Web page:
Saturday, January 10, 2009
ERIC MAISEL post
A young composer, who was also a violin virtuoso, had an idea for a violin concerto. The themes flowed out of him and struck him as beautiful. He recognized that it would be a devilishly difficult piece to play but its difficulty was not gratuitous: you had to play fast and dexterously, to be sure, but if you did you produced something gorgeous.
He played the concerto for his mentor. His mentor hated it, exclaiming that it sounded as if the violin was being tortured. He played it in concert. The audience booed it and reviewers called it “music foul to ear” and “music for masochists.” No other violinists would touch. Every so often he would play his violin concerto in concert, always with the same disastrous results.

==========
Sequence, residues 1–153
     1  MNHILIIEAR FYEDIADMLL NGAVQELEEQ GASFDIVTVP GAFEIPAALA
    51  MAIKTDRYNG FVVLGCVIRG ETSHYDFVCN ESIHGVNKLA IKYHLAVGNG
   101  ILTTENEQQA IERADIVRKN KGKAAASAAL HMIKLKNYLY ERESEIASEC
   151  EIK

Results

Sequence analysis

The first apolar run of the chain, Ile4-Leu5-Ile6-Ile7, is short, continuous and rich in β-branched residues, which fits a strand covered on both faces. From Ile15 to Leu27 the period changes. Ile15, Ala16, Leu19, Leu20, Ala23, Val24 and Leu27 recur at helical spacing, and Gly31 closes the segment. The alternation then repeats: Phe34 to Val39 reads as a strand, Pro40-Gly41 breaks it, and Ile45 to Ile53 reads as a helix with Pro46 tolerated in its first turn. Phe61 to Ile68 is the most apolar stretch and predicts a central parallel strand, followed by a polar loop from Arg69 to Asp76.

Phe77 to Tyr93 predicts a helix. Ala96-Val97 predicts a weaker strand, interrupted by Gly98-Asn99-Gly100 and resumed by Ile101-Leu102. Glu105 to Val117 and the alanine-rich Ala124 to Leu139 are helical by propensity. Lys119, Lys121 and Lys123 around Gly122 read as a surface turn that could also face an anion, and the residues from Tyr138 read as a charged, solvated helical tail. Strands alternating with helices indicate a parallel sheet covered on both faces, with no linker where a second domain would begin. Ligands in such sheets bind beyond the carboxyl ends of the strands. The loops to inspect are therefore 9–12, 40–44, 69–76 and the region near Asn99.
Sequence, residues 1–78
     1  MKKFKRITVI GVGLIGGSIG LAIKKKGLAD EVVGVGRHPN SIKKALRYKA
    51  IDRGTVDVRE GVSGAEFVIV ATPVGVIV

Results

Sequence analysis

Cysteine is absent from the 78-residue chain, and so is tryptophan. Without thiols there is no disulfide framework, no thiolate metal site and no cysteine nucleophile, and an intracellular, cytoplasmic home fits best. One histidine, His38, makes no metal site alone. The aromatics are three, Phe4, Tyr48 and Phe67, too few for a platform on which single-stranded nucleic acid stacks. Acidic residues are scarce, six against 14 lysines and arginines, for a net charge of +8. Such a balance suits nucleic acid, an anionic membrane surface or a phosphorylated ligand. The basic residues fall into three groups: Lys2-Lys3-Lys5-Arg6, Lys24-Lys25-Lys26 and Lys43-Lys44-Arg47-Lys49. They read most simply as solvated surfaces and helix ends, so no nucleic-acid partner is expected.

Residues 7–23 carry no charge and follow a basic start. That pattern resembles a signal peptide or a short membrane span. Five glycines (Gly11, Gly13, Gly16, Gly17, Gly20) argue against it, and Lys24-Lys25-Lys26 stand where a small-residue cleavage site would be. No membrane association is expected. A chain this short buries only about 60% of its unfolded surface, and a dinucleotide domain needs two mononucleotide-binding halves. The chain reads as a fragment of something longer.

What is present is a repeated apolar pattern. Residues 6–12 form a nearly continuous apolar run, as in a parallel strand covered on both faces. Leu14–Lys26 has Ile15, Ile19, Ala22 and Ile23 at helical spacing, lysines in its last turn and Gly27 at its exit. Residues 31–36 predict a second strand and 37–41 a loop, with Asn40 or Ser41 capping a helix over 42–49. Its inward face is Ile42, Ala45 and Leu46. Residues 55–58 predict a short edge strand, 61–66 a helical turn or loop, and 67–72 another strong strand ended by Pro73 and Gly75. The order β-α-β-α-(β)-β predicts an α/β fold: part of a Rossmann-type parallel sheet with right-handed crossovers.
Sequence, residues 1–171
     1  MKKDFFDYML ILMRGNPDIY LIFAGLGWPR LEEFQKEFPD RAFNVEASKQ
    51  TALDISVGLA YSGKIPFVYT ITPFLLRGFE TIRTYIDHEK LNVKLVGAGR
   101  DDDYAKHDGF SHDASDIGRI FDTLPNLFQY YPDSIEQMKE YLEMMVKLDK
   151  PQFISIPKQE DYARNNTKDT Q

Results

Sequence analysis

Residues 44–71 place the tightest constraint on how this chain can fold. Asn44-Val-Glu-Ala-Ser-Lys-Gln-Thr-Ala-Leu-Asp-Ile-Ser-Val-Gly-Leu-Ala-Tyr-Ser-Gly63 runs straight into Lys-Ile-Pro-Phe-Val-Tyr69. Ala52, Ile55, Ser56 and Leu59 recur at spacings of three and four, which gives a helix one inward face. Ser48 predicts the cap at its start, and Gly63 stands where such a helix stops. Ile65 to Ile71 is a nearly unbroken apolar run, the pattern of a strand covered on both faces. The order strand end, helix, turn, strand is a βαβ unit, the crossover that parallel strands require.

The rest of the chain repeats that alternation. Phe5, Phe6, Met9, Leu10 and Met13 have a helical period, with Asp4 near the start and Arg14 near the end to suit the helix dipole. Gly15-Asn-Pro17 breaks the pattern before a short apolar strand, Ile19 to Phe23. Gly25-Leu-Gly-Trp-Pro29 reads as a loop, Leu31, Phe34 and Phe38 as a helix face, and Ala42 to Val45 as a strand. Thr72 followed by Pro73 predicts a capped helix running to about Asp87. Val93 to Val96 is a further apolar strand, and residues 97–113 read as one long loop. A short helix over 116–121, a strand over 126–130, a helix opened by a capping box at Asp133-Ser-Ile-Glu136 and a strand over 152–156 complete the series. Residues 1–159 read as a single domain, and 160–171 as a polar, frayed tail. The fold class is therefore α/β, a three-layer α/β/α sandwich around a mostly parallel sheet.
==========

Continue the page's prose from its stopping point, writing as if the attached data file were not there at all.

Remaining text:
He never stopped believing in its beauty. He died young; and ten years after his death a great violinist ventured a performance, which was hailed as brilliant. Suddenly everyone called the concerto a masterpiece. It became an integral part of the violin literature; and now every up-and-coming violinist must master it.
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